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Deciding whether to rent or buy


Each time you make a military move, the decision has to be made whether to live on-post/base or off. If you decide to live out in town, will you rent or buy? To help you with these choices, we put together a list of PCSgrade's top articles featuring some great information and things to consider when you are wrestling with this major decision.


There is no right or wrong answer when it comes to deciding whether to purchase or rent a home. You are tired of renting but you are nervous that buying and moving again in two years might not be the smartest move financially. This article features the pros and cons of buying and renting. All these factors need to be weighed for you to figure out what is best for your financial situation and family.


There are so many factors that go into figuring out how much it costs to buy a home. This article lists out many of the upfront costs and the ongoing costs of both renting and purchasing a home. There are items on this list, such as the home inspection or appraisal, costs that you might not think of as you are making your decision. And we don't think of renting as being too complicated, right? I'm mean it's just the monthly rent, right?


You've heard that owning a home allows for certain tax advantages. That is true. This article breaks down what those tax advantages are to include:

  • Capital Gains Tax
  • Property Taxes
  • Private Mortgage Insurance (PMI)
  • Maintenance costs on a rental that you own


This article features a one-on-one interview with one of our "A-Graded" Realtors®. Find out the answers to questions such as:

  • Does buying a house help with taxes?
  • If I rent out my house when I make my next military move, does that help me?
  • Do I need to hire a tax professional if I own a house?

PCSgrades is always updating its content library with the latest resources to make your house hunting, neighborhood search, and PCS in general. Go as smooth as possible. Make sure you follow PCSgrades on Facebook, Twitter, Pinterest, and Instagram for all the latest updates.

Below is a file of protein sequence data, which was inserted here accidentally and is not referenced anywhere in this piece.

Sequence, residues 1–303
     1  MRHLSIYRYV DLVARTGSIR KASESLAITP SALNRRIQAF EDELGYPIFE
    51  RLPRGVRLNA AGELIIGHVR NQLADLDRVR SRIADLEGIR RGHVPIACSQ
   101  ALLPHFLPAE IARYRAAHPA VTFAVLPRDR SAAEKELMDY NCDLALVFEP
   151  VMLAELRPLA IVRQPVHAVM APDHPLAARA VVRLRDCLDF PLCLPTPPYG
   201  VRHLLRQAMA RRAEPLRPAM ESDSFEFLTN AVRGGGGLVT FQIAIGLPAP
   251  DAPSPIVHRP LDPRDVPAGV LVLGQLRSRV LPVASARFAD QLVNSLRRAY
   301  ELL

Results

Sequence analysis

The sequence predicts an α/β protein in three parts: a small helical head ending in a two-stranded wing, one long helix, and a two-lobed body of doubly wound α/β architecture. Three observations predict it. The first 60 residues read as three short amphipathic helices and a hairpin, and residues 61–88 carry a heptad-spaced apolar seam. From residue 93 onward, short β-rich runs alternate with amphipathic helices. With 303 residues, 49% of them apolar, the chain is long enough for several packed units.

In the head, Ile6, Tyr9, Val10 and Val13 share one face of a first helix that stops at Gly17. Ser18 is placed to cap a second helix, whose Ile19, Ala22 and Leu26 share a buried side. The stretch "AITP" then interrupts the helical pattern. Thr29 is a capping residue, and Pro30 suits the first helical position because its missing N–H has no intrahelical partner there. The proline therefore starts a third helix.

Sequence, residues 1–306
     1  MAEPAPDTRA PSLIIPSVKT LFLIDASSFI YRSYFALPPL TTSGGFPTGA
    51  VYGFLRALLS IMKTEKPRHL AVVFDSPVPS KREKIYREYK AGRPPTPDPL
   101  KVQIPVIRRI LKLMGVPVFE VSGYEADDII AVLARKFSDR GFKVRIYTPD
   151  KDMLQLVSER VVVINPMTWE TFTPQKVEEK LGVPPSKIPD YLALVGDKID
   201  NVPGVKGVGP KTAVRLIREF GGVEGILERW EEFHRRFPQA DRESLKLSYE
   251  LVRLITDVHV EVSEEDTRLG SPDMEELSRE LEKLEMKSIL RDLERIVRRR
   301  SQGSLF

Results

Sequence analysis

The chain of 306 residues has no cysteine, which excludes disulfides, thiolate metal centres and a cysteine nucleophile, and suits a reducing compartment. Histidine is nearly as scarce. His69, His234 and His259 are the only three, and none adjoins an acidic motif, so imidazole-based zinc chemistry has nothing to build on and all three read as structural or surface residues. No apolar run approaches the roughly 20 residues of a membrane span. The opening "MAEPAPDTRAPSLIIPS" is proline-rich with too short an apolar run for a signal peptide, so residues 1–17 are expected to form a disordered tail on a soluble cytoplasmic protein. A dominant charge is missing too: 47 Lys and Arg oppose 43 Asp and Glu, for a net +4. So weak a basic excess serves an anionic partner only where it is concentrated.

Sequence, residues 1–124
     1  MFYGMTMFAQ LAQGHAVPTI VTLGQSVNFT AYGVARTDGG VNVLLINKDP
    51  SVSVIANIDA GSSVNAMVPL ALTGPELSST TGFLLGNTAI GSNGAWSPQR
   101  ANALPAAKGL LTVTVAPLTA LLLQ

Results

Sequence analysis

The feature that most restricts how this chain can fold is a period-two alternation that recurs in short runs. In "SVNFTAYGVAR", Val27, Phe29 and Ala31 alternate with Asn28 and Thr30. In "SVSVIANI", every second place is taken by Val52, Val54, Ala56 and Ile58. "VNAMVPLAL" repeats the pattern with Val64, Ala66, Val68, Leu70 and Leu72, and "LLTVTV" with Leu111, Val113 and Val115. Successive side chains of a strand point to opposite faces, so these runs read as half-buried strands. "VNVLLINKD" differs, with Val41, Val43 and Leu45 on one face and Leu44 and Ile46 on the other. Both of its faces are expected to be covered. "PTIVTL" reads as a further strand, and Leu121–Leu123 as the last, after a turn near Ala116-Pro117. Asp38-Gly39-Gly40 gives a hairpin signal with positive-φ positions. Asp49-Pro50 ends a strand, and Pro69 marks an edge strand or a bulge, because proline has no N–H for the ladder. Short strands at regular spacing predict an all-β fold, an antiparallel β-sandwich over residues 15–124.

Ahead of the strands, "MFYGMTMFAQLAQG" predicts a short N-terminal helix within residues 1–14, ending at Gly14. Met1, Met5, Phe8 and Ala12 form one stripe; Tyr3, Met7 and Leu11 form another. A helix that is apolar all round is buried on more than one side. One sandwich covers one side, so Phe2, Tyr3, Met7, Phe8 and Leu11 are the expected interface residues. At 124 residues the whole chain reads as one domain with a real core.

This article is sponsored by PCSgrades.

Army Lt. Col. Alexander Vindman made sure to take the time to correct a Congressman on Tuesday while testifying before Congress, requesting that he be addressed by his officer rank and not "Mr."

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From left to right: Naval Special Warfare Operator First Class Eddie Gallagher, Army 1Lt. Clint Lorance, and Army Special Forces Maj. Mathew Golsteyn

On Friday, President Donald Trump intervened in the cases of three U.S. service members accused of war crimes, granting pardons to two Army soldiers accused of murder in Afghanistan and restoring the rank of a Navy SEAL found guilty of wrongdoing in Iraq.

While the statements coming out of the Pentagon regarding Trump's actions have been understandably measured, comments from former military leaders and other knowledgable veterans help paint a picture as to why the president's Friday actions are so controversial.

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A former Soviet submarine that became a tourist attraction docked adjacent to the Queen Mary in Long Beach is expected to be sold soon to an anonymous buyer, with plans to remove the rusting sub by mid-May.

The 48-year-old Russian Foxtrot-class submarine, known as the Scorpion, had hosted paying visitors for 17 years before it fell into such disrepair that it became infested with raccoons and was closed to the public in 2015.

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Former Army 1st Lt. Clint Lorance, whom President Donald Trump recently pardoned of his 2013 murder conviction, claims he was nothing more than a pawn whom generals sacrificed for political expediency.

The infantry officer had been sentenced to 19 years in prison for ordering his soldiers to open fire on three unarmed Afghan men in 2012. Two of the men were killed.

During a Monday interview on Fox & Friends, Lorance accused his superiors of betraying him.

"A service member who knows that their commanders love them will go to the gates of hell for their country and knock them down," Lorance said. "I think that's extremely important. Anybody who is not part of the senior Pentagon brass will tell you the same thing."

"I think folks that start putting stars on their collar — anybody that has got to be confirmed by the Senate for a promotion — they are no longer a soldier, they are a politician," he continued. "And so I think they lose some of their values — and they certainly lose a lot of their respect from their subordinates — when they do what they did to me, which was throw me under the bus."

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Members of the Iranian Revolutionary Guard Corps march during a parade to commemorate the anniversary of the Iran-Iraq war (1980-88), in Tehran September 22, 2011. (Reuters photo)

Fifteen years after the U.S. military toppled the regime of Saddam Hussein, the Army's massive two-volume study of the Iraq War closed with a sobering assessment of the campaign's outcome: With nearly 3,500 U.S. service members killed in action and trillions of dollars spent, "an emboldened and expansionist Iran appears to be the only victor.

Thanks to roughly 700 pages of newly-publicized secret Iranian intelligence cables, we now have a good idea as to why.

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